Transport Canada said it is continuing to collaborate with U.S. regulatory agencies to develop stricter requirements for tank cars in North America.

Association of American Railroads president Edward Hamberger said his group was “pleased with Transport Canada’s sensible approach of expediting the rule-making process… to help provide greater certainty in the rail car marketplace.”

Members of Congress have complained about the slowness of the Obama administration rulemaking process on oil tank car safety. Transportation Secretary Anthony Foxx said the proposed rule is now out of his department’s hands and being scrutinized by officials at the Office of Information and Regulatory Affairs which does a cost benefit analysis of proposed regulations.

March 10, 2015

Houston Ship Mishap & Bicyclists To Honor Oberstar

Former House Transportation and Infrastructure Committee chairman James Oberstar, left, with Rep. Peter A. DeFazio, D- Ore.

Former House Transportation and Infrastructure Committee chairman James Oberstar, left, with Rep. Peter A. DeFazio, D- Ore.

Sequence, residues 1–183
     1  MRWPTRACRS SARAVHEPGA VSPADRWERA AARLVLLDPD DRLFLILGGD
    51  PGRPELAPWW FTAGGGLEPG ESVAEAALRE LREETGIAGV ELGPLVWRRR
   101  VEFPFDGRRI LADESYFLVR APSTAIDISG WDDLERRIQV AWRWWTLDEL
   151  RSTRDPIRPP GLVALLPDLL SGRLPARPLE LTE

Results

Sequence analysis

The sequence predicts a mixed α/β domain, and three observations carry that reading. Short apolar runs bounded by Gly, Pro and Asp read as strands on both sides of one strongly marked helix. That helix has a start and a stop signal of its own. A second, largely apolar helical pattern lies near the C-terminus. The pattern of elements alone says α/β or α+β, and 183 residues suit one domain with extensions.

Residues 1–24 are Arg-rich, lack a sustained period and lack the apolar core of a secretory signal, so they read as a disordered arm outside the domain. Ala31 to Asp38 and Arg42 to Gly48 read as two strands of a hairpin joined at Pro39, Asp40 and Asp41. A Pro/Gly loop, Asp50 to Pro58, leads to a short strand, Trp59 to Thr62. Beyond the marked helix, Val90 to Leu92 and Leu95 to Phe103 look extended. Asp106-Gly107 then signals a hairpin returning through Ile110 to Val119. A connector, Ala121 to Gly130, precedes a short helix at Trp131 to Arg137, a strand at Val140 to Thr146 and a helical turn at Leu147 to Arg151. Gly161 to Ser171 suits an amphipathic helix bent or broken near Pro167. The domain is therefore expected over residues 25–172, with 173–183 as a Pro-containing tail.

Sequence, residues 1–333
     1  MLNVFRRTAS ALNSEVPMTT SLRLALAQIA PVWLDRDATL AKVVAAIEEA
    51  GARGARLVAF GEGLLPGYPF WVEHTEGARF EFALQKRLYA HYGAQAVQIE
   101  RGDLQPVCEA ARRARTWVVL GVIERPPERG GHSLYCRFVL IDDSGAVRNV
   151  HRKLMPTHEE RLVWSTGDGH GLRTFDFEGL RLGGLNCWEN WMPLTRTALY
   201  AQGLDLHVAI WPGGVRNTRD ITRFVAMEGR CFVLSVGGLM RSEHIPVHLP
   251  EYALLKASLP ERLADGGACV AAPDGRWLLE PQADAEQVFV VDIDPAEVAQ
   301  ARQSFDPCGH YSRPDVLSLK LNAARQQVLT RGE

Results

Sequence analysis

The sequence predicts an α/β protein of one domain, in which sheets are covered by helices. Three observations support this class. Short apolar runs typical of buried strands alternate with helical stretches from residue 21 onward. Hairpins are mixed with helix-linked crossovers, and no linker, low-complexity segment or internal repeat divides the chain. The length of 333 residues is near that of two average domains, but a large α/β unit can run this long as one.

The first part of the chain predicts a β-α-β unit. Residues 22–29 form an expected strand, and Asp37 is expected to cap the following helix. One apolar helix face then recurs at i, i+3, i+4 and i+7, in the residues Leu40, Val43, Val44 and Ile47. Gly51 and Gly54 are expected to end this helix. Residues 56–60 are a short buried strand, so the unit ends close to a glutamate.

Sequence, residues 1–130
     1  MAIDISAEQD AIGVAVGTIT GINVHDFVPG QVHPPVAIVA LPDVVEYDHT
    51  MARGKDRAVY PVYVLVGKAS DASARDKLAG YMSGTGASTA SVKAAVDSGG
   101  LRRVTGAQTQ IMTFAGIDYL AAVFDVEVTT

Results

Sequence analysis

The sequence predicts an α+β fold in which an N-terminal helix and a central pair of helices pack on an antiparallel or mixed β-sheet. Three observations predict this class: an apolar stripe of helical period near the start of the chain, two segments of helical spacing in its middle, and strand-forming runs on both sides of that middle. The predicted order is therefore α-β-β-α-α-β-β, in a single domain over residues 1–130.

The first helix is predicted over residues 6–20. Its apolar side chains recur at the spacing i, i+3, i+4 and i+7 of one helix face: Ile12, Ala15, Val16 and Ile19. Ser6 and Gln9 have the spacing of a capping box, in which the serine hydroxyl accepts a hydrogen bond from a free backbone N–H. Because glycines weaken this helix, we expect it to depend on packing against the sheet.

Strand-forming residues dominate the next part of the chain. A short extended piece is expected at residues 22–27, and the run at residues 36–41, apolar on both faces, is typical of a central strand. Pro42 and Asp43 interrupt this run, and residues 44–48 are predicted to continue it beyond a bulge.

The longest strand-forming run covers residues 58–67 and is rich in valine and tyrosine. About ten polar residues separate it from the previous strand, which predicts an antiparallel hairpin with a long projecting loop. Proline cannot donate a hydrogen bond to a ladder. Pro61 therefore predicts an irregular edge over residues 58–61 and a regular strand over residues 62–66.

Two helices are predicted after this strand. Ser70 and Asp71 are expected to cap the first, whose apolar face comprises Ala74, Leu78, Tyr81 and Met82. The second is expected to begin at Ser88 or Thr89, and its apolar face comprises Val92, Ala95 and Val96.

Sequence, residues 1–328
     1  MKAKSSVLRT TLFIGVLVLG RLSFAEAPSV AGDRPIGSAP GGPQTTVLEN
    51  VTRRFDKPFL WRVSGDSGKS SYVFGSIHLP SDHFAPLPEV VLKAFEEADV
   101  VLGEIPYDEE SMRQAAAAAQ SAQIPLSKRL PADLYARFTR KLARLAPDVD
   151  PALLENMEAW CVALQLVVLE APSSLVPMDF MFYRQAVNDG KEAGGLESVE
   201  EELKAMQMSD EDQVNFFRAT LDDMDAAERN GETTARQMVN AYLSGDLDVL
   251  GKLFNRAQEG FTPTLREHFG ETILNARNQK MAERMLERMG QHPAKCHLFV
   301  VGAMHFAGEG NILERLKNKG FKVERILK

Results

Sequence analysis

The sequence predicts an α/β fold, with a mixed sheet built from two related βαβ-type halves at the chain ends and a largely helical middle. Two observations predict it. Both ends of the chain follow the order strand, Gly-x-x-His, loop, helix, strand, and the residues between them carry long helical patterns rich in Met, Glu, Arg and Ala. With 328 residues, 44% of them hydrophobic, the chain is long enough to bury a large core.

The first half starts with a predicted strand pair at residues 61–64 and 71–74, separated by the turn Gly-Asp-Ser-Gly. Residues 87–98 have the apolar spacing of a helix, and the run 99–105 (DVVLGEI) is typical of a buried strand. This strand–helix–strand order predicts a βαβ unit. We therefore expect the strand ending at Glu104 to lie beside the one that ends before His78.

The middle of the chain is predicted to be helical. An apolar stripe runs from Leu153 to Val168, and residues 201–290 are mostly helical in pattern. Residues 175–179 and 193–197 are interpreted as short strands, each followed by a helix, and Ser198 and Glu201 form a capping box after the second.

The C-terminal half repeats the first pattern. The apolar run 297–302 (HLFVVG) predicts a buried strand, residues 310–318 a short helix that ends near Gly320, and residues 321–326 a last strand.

We hear a lot about congestion on the rails as oil and other products move across the county. But there’s heavy traffic on waterways as well, as an accident Monday in the Houston Ship Channel indicated.

A Venezuela-bound tanker spilled the gasoline additive MTBE into the Channel, one of the nation’s crucial transportation choke points, after hitting another vessel, shutting down part of the waterway.

In a recent report, the Center for Strategic and International Studies said increased traffic of oil and perhaps liquefied natural gas exports in the coming years may result in “an (over)taxing of Gulf Coast pipelines, ports, storage facilities, ship channels, and ships themselves – and that does not even take into consideration any delays caused by accidents or storms….”

Back on dry land, the League of American Bicyclists is starting its 15th annual summit in Washington, bringing together advocates from around the nation to urge Congress to keep funding bike trails in this year’s surface transportation bill and to appreciate the value of bicycles in transportation planning.

The League has a lobby day scheduled for Thursday at the Capitol and a “Jim Oberstar Memorial Ride” set for Friday. Oberstar was a dedicated bicyclist and the chairman of the House Transportation and Infrastructure Committee from 2007 to 2011. He died last May.

February 27, 2015